What is a technical marketer?
Much like the definition of competitive intelligence, the definition of a technical marketer seems to depend on who you ask.
This new position, which has risen in prominence mostly within the last five years, can be boiled down into two types of technical marketers, with each of them playing very different roles.
And while content describing a technical marketer’s role tends to focus on a marketer who knows how to sell technical products, the job descriptions posted by companies for technical marketer roles fit into two distinct categories: one that matches the Google results for “technical marketer” and one that is focused on conversion optimization.
How did this happen?
To be honest, we’re not sure, but instead of trying to figure out the origin of this phrase, we want to highlight the two very different roles a technical marketer can play in an organization and the necessary skills for each.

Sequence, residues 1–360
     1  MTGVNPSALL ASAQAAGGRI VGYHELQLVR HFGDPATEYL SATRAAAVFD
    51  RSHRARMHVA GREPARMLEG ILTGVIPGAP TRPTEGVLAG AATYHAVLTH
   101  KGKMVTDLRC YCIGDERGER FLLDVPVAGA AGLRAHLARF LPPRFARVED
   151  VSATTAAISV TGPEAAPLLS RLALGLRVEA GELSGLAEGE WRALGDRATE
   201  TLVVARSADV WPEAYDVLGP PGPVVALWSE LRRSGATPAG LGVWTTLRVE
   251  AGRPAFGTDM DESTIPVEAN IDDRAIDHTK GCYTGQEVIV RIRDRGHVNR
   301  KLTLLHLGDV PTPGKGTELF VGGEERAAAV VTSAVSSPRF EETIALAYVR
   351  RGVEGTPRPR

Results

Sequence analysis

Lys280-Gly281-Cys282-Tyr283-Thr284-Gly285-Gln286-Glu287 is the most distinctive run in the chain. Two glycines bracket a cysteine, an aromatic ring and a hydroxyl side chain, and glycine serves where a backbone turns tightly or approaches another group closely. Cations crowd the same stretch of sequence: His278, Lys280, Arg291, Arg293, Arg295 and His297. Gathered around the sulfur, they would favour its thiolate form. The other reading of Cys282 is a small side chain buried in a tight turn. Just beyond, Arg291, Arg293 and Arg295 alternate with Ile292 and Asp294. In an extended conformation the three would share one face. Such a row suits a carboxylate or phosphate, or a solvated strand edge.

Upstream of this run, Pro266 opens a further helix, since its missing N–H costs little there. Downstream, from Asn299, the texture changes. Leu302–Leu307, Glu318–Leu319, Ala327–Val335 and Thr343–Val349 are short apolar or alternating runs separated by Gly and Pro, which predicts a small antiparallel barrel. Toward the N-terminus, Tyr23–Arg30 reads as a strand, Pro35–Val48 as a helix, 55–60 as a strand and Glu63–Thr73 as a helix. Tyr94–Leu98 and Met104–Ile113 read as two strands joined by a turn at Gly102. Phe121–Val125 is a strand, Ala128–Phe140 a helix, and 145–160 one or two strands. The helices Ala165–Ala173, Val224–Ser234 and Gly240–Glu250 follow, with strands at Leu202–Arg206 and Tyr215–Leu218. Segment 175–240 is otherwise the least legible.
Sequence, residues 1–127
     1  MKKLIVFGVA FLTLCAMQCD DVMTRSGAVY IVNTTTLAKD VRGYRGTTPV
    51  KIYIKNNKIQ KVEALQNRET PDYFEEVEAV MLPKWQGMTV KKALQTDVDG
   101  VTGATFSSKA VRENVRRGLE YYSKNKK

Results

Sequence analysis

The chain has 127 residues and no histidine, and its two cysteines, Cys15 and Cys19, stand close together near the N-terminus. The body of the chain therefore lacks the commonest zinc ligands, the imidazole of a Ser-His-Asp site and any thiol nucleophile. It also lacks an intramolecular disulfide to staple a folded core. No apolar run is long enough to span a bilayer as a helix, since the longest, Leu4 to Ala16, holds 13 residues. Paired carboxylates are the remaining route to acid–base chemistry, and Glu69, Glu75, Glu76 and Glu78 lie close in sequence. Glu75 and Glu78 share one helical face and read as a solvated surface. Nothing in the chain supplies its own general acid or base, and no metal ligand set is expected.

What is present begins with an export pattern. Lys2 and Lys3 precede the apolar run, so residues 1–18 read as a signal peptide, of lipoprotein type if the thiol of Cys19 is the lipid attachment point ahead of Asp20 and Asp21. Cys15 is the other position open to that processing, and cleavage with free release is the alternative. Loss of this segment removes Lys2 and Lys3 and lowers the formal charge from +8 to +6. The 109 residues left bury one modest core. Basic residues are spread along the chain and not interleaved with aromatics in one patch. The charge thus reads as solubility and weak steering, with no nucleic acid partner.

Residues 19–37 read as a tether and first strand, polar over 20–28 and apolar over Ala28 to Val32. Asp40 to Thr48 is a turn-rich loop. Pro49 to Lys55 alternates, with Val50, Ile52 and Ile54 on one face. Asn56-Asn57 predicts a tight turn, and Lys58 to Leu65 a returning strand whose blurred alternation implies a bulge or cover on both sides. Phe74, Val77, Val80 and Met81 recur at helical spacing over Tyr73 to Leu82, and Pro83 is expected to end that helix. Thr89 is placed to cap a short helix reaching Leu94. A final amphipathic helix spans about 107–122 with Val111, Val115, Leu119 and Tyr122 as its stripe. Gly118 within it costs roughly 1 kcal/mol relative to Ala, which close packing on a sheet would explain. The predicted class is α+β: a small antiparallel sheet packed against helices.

If you’re selling complex products to complex buyers, having either type of technical marketer on your team can help skyrocket your growth – but in two very different ways and at two very different stages of a company’s development.
The two types of technical marketers
We weren’t joking when we said there are two very distinct types of job postings for technical marketers.
Some look like this:
And others look like this:
There are a few similarities between the two because every technical marketing position combines product knowledge, data analytics, and marketing to provide technical insights into a product throughout the funnel.
But the two main ways to go about combining these skills and delivering technical insights differ dramatically and require different backgrounds and necessary skills.
- Conversion // Ops Technical Marketers tend to have engineering or mathematical backgrounds and focus on
- Running multivariate tests
- Tracking ROI from different channels
- Fixing technical issues
- Running SQL Queries
- Rolling up their sleeves and executing tasks
- Content Technical Marketers usually have product or technical backgrounds and focus on
- Guiding buyers through technical product knowledge
- Educating users about various technical features
- Publishing thought leadership and becoming a voice for the company
- Developing messaging that resonates with technical buyers